One study performed at the University of Nebraska involved 41 psychology students aged 19 to 44 and investigated the connection of self-efficacy and self-awareness and how it can be improved through journaling.
The researchers asked students to keep practicing journals for one semester to see how tracking their performance would affect their self-awareness. The results of the study reported that all participants got better grades and attributed their achievements to journaling.
In conclusion, the study suggests the following steps to improve self-awareness when tracking self-efficacy using a journal:
- Identify an event that helped/didn’t help you achieve your practice goal.
- Reflect on your current understanding of this situation.
- Consider further improvements that need to be made.
Following these three simple steps can help swimmers objectively assess how effective the practice was and what needs to be fixed or introduced to make further improvements and achieve the goal.
2. You Acquire a Growth Mindset
Continuous improvement is an important part of the success of professional athletes. Having a mindset that there’s always room to grow can help set new goals and move forward to new achievements.
Keeping a journal can help professional swimmers acquire a growth mindset. And a study by the Higher Colleges of Technology, UAE, has confirmed that.
The study involved fifteen female participants, who were asked to keep a reflective journal for their sixteen-week nutrition course. The participants wrote in their journals just once – in week eight of a sixteen-week semester, but could already see a positive effect.
In personal interviews, all students confirmed that writing even one entry in a reflective journal already helped them better understand their current mindset, improve their cognitive and critical thinking skills, and better understand what they need to contribute to achieve more.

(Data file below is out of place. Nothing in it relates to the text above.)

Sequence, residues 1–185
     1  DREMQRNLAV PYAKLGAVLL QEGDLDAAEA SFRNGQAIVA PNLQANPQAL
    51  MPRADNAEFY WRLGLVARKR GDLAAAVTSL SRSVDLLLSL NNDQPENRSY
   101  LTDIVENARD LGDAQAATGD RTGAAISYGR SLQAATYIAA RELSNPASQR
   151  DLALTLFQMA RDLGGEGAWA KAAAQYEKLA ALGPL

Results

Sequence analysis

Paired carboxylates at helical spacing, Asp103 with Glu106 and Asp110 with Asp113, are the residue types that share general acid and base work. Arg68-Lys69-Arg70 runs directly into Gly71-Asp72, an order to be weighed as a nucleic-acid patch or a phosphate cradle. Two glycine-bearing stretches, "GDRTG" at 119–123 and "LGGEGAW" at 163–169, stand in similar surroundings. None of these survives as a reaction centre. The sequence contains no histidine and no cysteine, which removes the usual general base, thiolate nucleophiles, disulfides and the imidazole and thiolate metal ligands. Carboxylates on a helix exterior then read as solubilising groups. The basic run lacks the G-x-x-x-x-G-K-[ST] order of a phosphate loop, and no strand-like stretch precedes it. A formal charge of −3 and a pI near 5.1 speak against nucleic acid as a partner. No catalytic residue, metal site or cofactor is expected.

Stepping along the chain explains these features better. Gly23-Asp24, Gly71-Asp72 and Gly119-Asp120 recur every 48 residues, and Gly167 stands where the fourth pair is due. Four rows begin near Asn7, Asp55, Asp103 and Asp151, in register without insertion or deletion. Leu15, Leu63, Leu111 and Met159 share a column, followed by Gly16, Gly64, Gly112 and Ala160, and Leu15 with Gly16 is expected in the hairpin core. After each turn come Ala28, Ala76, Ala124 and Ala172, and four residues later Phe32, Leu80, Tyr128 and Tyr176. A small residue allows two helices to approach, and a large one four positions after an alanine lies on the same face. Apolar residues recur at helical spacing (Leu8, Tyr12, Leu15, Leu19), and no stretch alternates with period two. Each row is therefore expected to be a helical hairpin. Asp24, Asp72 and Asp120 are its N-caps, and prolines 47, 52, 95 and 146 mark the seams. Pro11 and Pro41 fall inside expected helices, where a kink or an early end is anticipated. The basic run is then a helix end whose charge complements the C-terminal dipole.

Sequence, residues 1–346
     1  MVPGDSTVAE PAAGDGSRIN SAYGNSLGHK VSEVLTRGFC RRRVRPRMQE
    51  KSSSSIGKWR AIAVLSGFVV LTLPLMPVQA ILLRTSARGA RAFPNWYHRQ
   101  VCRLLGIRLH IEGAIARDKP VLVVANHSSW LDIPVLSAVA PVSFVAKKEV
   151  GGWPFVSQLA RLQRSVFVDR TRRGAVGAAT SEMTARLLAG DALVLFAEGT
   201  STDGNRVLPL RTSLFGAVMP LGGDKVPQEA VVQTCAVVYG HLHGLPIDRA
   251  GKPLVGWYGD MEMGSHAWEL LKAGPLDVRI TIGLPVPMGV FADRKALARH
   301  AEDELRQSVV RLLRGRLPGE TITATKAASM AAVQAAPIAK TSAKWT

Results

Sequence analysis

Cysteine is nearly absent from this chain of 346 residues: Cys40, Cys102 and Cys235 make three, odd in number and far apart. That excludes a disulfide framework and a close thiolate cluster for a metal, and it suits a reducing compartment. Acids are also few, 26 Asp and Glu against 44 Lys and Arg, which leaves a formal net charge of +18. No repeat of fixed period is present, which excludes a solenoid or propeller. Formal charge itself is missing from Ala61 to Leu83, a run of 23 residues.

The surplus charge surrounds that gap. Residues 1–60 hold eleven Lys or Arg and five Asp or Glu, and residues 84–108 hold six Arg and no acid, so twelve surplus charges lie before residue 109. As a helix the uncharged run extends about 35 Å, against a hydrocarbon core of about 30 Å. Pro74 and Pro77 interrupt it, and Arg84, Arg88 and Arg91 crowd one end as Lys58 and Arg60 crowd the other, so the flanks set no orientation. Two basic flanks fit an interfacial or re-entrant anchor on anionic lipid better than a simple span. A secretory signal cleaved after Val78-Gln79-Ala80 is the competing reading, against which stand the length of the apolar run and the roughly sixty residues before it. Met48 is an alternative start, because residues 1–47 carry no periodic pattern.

The results of this study can also be applied to your swimming practice sessions. Keeping a journal for your swim practices will help you see your progress from a different perspective, objectively assess your practice, and discover the efforts you need to make to improve.
3. You’ll Feel More Motivated
We already mentioned that writing out your swim practices helps maintain consistency. But it is also important to mention that your swim practice journal will also become your motivation to keep improving in the long run.
In the interview that we mentioned in the introduction, Caeleb Dressel shared that he hadn’t missed any of his swimming practices for an entire year. He attributed this achievement to his practice journal, which motivated him to keep going.
Marie Fincher, a writer and researcher at TopEssayWriting says: “You can find support for the motivational effect of journaling in psychology. “When you regularly reflect on your achievements, it promotes intrinsic motivation that sticks around longer than any other type of motivation or reward.”